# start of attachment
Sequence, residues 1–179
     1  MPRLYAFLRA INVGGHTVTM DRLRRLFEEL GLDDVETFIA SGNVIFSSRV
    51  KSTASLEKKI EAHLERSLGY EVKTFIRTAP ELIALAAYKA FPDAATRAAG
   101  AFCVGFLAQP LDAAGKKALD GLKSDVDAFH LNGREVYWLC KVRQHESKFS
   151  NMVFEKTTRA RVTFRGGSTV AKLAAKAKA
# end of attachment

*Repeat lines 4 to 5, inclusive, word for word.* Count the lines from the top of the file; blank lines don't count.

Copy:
   101  AFCVGFLAQP LDAAGKKALD GLKSDVDAFH LNGREVYWLC KVRQHESKFS
   151  NMVFEKTTRA RVTFRGGSTV AKLAAKAKA